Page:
September 22, 2021
- Should people with lupus be vaccinated against COVID-19?
- Should people with lupus take the third dose of the Pfizer/Biogen or Moderna mRNA COVID-19 vaccine?
- Do people with lupus qualify as immunocompromised?
- How can people with lupus protect themselves from COVID-19?
Many of you have had these questions and more since the U.S. Centers for Disease Control and Prevention approved a third dose of the Pfizer/Biogen or Moderna COVID-19 mRNA vaccines for certain immunocompromised people. The best answers we have seen are outlined in guidelines for healthcare providers issued by the American College of Rheumatology (ACR), the preeminent organization of rheumatologists, the specialists most commonly involved in treating lupus and other rheumatic diseases. For your reference, we have summarized the main points covered by the ACR guidelines as outlined in a press release from the ACR:
- A third dose of Pfizer-BioNTech COVID-19 vaccine (age 12 years and older) or Moderna mRNA COVID-19 vaccine (age 18 years and older) is recommended at least 28 days after the second dose of an mRNA vaccine for patients on immunosuppressive or immunomodulatory therapy, except for hydroxychloroquine. Sticking to the same one you took for the first and second doses is recommended if possible.
- Patients should consult with their rheumatologists about holding certain immunomodulatory or immunosuppressive medications for one to two weeks after booster vaccination if disease activity allows.
- Patients on rituximab or other anti-CD20 medications should discuss the best timing with their healthcare provider before receiving a third dose.As ACR explains: ”Some practitioners measure CD19 B cells as a tool with which to time the booster and subsequent rituximab dosing. For those who elect to dose without such information, or for whom such measurement is not available or feasible, the recommendation is to provide the third dose two to four weeks before the next anticipated rituximab dose (e.g., at month 5.0 or 5.5 for patients who receive rituximab every six months).”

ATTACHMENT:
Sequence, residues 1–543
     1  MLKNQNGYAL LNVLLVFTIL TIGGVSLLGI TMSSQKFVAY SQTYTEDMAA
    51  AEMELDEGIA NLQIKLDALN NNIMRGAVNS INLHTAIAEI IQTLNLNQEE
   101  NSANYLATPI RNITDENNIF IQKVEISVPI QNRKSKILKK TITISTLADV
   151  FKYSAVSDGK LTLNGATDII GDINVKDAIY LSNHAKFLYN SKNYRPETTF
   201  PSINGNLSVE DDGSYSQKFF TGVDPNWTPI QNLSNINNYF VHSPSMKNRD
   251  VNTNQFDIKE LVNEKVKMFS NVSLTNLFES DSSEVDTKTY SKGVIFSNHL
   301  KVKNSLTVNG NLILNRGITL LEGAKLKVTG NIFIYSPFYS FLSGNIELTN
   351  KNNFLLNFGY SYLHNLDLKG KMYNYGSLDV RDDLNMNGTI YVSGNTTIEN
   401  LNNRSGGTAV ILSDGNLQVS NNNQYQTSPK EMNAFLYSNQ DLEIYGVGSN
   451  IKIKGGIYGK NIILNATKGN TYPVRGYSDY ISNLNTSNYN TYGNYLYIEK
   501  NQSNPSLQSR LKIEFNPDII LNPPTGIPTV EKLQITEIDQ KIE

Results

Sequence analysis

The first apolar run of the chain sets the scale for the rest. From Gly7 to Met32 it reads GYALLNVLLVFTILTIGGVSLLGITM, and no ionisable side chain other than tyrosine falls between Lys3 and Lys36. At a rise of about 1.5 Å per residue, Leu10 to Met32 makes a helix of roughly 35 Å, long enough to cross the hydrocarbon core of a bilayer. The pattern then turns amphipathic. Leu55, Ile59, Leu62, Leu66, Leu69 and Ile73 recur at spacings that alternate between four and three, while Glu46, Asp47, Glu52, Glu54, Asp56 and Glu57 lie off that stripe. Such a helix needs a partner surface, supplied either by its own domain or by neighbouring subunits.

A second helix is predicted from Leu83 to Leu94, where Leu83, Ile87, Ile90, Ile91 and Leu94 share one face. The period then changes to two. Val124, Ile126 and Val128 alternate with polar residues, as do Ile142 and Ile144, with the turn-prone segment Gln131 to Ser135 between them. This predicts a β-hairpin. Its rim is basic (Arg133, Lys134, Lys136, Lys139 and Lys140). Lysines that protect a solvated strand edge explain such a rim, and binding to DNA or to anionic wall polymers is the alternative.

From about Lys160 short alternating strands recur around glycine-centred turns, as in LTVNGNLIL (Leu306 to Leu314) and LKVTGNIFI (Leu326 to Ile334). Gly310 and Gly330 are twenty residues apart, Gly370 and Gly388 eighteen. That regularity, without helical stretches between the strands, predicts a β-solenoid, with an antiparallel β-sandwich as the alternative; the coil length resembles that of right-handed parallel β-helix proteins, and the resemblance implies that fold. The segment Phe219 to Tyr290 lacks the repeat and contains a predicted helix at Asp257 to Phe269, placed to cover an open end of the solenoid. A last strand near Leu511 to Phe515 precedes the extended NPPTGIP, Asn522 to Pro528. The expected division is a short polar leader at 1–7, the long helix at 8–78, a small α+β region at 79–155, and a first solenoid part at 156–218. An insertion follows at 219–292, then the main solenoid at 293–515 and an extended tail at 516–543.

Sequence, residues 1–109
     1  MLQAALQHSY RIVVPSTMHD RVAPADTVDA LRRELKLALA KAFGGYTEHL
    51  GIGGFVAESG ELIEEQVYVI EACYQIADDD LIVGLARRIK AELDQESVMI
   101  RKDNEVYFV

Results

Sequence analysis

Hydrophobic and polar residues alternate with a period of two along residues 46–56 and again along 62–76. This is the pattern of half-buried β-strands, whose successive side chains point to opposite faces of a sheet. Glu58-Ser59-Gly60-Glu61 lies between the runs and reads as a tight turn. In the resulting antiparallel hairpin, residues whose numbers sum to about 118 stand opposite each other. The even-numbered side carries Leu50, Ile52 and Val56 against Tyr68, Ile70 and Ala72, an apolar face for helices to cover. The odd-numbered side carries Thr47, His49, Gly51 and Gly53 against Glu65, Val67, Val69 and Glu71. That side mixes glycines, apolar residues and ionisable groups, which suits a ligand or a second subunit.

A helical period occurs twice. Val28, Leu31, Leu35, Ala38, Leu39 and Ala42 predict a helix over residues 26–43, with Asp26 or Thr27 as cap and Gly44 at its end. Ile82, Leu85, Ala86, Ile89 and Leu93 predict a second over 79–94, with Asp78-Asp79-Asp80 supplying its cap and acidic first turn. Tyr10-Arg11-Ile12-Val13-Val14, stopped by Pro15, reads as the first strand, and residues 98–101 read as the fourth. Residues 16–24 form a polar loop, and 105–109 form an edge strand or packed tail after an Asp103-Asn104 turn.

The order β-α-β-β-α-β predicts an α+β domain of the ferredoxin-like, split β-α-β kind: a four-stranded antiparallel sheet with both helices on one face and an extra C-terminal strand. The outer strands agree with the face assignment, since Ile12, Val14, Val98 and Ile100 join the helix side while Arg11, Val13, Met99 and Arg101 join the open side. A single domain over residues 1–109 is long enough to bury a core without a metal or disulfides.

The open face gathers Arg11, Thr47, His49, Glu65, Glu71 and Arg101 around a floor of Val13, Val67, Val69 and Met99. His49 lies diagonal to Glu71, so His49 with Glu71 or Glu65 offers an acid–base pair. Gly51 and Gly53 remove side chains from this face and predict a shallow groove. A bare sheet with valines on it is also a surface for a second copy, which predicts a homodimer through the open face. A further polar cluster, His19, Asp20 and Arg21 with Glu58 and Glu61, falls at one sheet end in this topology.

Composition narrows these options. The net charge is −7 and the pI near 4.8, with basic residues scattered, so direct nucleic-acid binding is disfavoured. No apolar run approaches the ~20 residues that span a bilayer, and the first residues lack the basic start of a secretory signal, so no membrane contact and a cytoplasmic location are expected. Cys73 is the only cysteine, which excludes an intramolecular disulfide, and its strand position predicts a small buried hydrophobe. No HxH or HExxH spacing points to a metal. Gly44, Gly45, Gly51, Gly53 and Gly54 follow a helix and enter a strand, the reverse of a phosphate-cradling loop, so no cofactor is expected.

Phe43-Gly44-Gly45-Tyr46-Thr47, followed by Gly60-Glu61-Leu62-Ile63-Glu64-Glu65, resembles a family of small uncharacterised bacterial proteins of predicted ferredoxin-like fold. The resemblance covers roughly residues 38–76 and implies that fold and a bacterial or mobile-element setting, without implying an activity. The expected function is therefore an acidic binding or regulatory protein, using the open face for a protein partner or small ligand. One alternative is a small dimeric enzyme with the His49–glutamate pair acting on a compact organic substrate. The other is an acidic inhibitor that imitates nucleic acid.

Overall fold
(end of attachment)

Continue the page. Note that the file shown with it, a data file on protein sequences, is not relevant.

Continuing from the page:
- For rheumatology patients who have not yet been vaccinated at all, the ACR task force recommends receiving either of the two mRNA vaccines over the single-dose Johnson & Johnson (J&J) vaccine.
As the ACR explains “the preference for the mRNA vaccines was is partially driven by the fact that a supplemental dose is now authorized for the mRNA vaccines. This issue may be revisited if a supplemental dose strategy becomes authorized and recommended for patients who received the single dose vaccine.”
- High-risk rheumatology patients who have been exposed to an individual with COVID-19 should ask their healthcare provider if taking a monoclonal antibody treatment would be beneficial as a precautionary measure in addition to vaccination.
- Rheumatology patients should continue to follow all public health guidelines regarding physical distancing and other preventive measures following vaccination.
To learn more, please refer to the full guidelines posted on the ACR website.
Please note that this article is for informational purposes only and does not substitute for medical advice. It is essential to talk with your healthcare provider about the best way to protect yourself from COVID-19.